Sexfluent has a robust, bilingual website,, and has garnered a strong presence on Instagram at The campaign focuses on educational content that provides youth with the power of choice, using a peer-driven approach that has a sense of encouragement and cheekiness. The content is amplified and developed in collaboration with the Sexfluent Squad, a diverse group of young Canadian activists and influencers who share their own experiences on TikTok and Instagram through video, reels and static posts. They come from across the country and vary in both their background and experiences, and touch upon Indigenous-, 2SLGBTQIA+, and HIV-related advocacy and health information


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Screenshot image of a non-binary TikTok influencer wearing a black T-shirt, rainbow cape, and a matching rainbow pleated skirt with black heels walking down an alley

Screenshot image of a Two-Spirit TikTok influencer wearing airpods and dangly earrings looking a the camera

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The current Sexfluent Squad members include:

And recently welcomed to the Squad are:

Image reads: Only 1 in 3 canadian youth said they would be friends with someone living with HIV
Source: CANFAR National Youth Survey, 2019.

With CANFAR’s central work around HIV, it was startling to see that two-thirds of respondents from CANFAR’s National Youth Survey would not date, kiss or make out, or share utensils with someone living with HIV. As well, when asked if people living with HIV can have sex and not pass on the virus, 62% strongly disagreed or disagreed with this statement. This shows that there is still a strong stigma and culture of misinformation that exists around HIV with youth. Sexfluent’s work is focused on educating youth around HIV and improving the well-being of people living with HIV, as well as removing the barriers to allow them to be open with their status.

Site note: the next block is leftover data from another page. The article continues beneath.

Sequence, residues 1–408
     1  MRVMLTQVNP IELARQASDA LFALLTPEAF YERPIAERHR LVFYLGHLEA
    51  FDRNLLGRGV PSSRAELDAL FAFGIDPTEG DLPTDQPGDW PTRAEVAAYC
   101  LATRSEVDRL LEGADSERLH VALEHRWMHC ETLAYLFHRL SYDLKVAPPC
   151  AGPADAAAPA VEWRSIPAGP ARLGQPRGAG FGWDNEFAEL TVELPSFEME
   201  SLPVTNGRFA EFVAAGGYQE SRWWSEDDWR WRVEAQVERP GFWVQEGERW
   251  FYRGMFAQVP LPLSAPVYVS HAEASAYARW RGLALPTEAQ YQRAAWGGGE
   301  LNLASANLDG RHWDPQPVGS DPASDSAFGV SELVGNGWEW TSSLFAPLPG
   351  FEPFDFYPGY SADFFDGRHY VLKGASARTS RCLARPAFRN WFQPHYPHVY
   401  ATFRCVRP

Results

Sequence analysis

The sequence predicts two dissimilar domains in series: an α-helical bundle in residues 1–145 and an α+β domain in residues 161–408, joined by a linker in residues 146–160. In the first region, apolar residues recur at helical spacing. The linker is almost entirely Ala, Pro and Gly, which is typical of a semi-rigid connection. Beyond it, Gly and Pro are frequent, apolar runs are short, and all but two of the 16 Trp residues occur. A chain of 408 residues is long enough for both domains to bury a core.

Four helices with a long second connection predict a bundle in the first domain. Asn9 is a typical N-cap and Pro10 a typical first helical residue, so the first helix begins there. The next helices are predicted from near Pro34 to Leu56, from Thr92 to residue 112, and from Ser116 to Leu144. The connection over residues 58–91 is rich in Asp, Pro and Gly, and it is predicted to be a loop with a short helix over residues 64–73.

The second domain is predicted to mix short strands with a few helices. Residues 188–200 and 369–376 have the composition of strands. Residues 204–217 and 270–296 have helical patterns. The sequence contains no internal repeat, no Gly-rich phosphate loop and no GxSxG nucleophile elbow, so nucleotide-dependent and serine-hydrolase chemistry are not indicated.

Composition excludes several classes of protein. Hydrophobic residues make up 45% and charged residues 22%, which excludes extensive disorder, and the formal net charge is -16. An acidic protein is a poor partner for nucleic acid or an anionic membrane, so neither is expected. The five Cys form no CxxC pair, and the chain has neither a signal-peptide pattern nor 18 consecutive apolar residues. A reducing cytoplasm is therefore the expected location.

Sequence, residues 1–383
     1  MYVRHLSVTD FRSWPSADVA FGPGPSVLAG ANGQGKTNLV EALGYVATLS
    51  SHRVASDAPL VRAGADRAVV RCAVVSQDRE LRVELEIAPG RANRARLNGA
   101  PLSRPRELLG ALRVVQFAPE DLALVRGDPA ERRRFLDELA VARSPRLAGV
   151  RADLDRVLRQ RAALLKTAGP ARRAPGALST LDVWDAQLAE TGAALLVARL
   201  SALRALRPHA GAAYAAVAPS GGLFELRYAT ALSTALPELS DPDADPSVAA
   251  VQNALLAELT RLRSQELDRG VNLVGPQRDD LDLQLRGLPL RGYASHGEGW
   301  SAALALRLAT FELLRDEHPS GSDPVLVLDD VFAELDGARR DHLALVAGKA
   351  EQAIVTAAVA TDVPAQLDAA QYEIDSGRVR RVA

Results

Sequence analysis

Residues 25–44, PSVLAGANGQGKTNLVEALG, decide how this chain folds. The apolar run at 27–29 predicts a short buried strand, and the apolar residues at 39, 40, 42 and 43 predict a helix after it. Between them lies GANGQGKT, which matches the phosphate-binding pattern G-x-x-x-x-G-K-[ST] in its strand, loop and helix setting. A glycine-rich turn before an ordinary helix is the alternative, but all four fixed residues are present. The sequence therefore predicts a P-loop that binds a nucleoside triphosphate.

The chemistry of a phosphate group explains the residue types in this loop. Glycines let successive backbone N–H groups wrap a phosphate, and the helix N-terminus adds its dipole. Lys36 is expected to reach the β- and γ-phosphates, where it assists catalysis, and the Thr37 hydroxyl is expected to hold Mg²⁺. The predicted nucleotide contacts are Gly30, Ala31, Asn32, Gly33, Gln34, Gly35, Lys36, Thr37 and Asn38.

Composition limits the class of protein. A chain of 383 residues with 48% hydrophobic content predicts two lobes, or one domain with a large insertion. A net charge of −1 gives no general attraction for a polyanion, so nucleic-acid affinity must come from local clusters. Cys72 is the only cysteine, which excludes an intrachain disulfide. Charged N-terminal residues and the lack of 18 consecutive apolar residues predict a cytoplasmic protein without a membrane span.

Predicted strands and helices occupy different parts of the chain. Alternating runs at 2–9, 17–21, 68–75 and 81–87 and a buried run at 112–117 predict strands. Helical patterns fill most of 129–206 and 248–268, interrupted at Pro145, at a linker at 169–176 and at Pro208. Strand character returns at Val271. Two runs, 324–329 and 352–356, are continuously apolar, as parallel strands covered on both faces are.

CANFAR’s National Youth Awareness Program is made possible through the generous support of CANFAR’s Program Sponsors, including the Slaight Family Foundation, The P. Austin Family Foundation, Canada Life, and MAC AIDS Fund.

To learn more about the survey findings, you can check out the full report here. To see what the #SexfluentSquad is up to, check out on Instagram and visit for additional information. Interviews are available with Squad members and the CANFAR team.

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Media contact

Bria Weaver
The Brand Is Female


CANFAR’s mission is to end the HIV/AIDS epidemic in Canada by funding innovative research, and awareness programs focused on increasing prevention, increasing testing, improving treatment and care, and ending HIV/AIDS stigma. Over its 35-year history, CANFAR has invested more than $24 million and awarded more than 500 grants across Canada in research addressing all aspects of HIV/AIDS.